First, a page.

United States District Court, D. South Dakota, Western Division
ORDER DENYING MOTION FOR BILL OF PARTICULARS;
GRANTING MOTION FOR DISCLOSURE OF GRAND JURY
WOLLMANN, UNITED STATES MAGISTRATE JUDGE.
November 21, 2016, Mr. Featherman was originally charged by
complaint for Misprision of a Felony in violation of 18
U.S.C. § 4. (Doc. 1). Subsequently, on December 6, 2016,
Mr. Featherman was charged in an indictment with aiding and
abetting Felony Child Abuse and Neglect in violation of 18
USC. §§ 1153 and 2 and SDCL § 26-10-1. (Doc.
22). There exists no federal offense for child abuse,
therefore, Mr. Featherman was charged under South Dakota
Codified Law which states that "[a]ny person who abuses,
exposes, tortures, torments, or cruelly punishes a minor in a
manner which does not constitute aggravated assault, is
guilty of a Class 4 felony. If the victim is less than seven
years of age, the person is guilty of a Class 3 felony."
SDCL § 26-10-1.
30, 2019, Mr. Featherman filed a Motion for Bill of
Particulars with this court. (Doc. 353). On August 8, 2019,
Mr. Featherman filed a Motion for Disclosure of Grand Jury
Testimony. (Doc. 357). The pending Motions were referred to
the Magistrate Judge by Chief Judge Jeffrey L. Viken on
August 12, 2019. (Doc. 360).
Featherman seeks an order granting clarification regarding
supporting facts the government alleges in violation of the
elements of 18 U.S.C. §§ 1152 and 2 and SDCL §
26-10-1. (Doc. 353 at p. 4). Because Mr. Featherman is
charged with aiding and abetting, a specific intent crime, he
argues that the indictment must provide sufficient facts that
demonstrate purposeful conduct, and not merely an omission or
failure to act. Id. (internal citations omitted).
Featherman alleges the indictment does "not state a
single supporting fact or details that [he] counseled,
commanded, induced, procured, or willfully caused felony
child abuse." Id. at p. 7. Mr. Featherman
claims the facts he has been made aware of through FBI
Special Agent ("SA") Mark Lucas' affidavit and
written report are "inconsistent" and fail to
properly "set forth any affirmative action."
Id. at p. 3-4.
Lucas' affidavit, cited by the government in support of
the amended complaint, alleges Mr. Featherman admitted he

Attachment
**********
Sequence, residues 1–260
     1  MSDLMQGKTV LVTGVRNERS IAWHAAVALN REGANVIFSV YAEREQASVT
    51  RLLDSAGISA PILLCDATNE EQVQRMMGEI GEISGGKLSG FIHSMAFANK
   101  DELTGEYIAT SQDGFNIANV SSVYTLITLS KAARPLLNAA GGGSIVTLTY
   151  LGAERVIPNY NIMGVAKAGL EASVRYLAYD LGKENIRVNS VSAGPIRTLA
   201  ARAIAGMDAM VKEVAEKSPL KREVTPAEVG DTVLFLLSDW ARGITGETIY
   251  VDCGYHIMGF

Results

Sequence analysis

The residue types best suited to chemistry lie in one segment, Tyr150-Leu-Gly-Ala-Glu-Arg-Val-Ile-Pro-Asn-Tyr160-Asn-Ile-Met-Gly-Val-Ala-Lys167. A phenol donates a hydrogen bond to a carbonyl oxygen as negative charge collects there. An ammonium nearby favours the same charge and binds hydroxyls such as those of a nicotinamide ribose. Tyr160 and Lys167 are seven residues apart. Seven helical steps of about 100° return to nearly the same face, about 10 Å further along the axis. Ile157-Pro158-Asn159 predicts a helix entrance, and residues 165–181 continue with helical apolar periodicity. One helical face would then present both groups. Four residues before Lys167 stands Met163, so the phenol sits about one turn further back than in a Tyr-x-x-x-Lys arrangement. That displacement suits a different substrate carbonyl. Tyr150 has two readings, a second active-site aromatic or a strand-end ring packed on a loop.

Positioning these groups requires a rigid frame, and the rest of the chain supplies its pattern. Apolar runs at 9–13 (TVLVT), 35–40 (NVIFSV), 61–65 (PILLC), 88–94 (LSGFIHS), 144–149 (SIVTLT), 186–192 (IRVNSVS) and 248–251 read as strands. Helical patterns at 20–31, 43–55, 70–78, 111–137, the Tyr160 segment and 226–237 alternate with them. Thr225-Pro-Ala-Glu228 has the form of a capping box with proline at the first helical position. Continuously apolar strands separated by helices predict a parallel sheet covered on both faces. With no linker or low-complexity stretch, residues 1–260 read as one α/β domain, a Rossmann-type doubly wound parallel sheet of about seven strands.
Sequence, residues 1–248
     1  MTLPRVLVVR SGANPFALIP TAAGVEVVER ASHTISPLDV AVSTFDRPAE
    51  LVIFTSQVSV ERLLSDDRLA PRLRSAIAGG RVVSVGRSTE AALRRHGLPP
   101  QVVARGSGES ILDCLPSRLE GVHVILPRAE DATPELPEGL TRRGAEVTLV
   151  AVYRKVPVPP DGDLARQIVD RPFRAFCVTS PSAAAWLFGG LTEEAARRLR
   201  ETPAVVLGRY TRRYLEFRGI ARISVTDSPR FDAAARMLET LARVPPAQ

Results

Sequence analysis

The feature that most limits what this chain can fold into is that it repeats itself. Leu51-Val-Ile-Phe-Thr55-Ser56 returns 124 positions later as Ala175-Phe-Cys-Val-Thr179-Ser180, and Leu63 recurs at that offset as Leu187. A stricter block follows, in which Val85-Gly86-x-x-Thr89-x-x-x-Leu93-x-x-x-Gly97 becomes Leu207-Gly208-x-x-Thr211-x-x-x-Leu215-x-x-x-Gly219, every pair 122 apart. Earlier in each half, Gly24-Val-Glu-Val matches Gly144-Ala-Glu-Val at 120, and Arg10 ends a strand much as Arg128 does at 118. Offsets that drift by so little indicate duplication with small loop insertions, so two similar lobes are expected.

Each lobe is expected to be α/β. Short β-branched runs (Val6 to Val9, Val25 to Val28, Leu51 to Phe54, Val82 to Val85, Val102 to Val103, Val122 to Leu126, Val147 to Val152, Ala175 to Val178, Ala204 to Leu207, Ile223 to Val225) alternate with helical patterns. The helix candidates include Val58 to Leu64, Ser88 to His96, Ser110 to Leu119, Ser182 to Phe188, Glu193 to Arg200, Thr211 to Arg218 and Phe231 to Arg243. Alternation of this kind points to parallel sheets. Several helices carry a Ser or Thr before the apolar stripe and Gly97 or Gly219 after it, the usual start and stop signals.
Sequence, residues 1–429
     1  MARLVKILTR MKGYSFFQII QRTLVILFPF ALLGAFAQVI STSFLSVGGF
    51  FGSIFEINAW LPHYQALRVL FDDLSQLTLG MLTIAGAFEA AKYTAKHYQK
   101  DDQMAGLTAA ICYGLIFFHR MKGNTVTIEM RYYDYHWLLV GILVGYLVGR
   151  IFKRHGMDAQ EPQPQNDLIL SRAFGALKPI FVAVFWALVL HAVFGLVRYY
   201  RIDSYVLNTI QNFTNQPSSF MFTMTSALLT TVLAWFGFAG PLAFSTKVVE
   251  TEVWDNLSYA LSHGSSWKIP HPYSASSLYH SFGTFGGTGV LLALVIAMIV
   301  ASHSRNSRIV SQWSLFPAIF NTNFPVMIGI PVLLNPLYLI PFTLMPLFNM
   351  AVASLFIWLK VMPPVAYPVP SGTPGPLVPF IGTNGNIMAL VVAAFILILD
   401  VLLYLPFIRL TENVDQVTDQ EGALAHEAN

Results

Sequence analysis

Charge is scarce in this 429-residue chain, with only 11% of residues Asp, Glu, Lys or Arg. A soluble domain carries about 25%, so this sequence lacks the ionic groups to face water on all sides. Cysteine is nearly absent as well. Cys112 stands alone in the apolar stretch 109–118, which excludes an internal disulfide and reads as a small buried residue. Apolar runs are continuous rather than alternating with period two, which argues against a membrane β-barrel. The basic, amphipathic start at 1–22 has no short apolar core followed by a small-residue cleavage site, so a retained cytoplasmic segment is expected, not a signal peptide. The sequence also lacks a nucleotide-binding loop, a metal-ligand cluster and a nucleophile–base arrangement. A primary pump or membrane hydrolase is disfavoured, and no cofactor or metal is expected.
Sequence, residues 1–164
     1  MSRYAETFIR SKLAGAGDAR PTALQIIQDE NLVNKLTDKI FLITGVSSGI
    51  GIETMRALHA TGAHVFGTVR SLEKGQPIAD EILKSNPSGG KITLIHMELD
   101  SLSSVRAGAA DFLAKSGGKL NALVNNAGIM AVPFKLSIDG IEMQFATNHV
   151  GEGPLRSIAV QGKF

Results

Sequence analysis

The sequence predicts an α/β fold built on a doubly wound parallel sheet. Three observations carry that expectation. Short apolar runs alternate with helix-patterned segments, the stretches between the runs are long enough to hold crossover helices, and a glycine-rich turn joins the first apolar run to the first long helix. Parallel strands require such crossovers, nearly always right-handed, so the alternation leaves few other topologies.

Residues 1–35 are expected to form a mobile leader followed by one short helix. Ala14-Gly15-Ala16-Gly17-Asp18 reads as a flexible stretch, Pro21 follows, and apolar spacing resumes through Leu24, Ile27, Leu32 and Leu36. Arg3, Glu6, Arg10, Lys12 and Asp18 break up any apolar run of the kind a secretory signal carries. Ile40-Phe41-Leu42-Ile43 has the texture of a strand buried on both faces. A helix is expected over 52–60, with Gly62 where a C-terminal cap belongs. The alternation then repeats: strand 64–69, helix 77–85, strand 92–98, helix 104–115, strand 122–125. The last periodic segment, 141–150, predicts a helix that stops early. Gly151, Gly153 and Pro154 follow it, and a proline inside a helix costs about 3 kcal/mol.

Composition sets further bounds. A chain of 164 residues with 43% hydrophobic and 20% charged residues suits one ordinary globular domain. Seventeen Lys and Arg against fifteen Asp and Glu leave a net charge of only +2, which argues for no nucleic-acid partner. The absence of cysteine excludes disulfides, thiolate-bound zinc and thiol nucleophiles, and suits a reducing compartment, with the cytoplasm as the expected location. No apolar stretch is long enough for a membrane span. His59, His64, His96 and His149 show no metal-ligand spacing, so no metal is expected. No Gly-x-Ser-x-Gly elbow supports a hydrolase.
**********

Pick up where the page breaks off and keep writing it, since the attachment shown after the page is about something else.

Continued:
"would have been able to observe the conditions of the
children" and he "knew about the victims'
unhealthy condition and of J.W.C.'s hip sore."
Id. at p. 2-3 (citing Doc. 6). The affidavit further
alleges that Mr. Featherman "said their health seemed to
decline in the last month but did not do anything about it
because he was not their caretaker." Id. at p.
3 (citing Doc. 6). Mr. Featherman alleges the affidavit of SA
Lucas is "inconsistent with his written report" and
further argues there exist "discrepancies between the
audio of [Mr. Featherman's] interview and SA Lucas'
report." As such, he argues he is unable to adequately
prepare a defense due to the vagueness of the Indictment.
Id. at p. 5.
government responds that the indictment is not vague and
charges Mr. Featherman with "having committed child
abuse between August 1, 2016, and November 11, 2016, by
intentionally knowingly abusing, exposing, torturing,
tormenting and cruelly punishing I.W.C. and J.W.C., children
who had not attained the age of seven years." (Doc. 365
at p. 2). The government further responds that they have
provided Mr. Featherman with "essentially 'open'
discovery of all information in its possession, and will
continue to provide the same on an ongoing basis to the
extent new information becomes available." Id.
at p. 3.
Featherman also seeks production of the grand jury
transcripts of SA Lucas in order to determine whether grounds
may exist to dismiss the indictment. (Doc. 357). He argues
that alleged discrepancies exist between SA Lucas' grand
jury testimony, two affidavits, 302 report summarizing the
interview with Mr. Featherman, and the audio interview with
Mr. Featherman. (Doc. 358 at p. 2-4). Another reason Mr.
Featherman alleges he should be permitted to inspect grand
jury transcripts of SA Lucas is "to determine if [SA
Lucas'] testimony was truthful" based on his
"pattern of making inconsistent statements." (Doc.
358 at p.6).
Motion is Untimely
7(f) of the Federal Rules of Criminal Procedure provides that
the defendant must file a motion for a bill of particulars
within 14 days of the defendant's arraignment or at a
later time if the court permits. Fed. R. Crim P. 7(f). Mr.
Featherman's arraignment as it pertains to the indictment
was held on December 9, 2016. (Doc. 54). He filed this motion
on July 30, 2019, over two and a half years from the
arraignment. (Doc. 353). See United States v.
Arcoren, 17-CR-50125, Doc. 81 p. 6. (denying a motion
for a bill of particulars as untimely when filed nearly nine
months after the deadline passed without good cause). While
Mr. Featherman acknowledges his request is untimely, he
provides no attempt to show good cause for the failure to
file the ...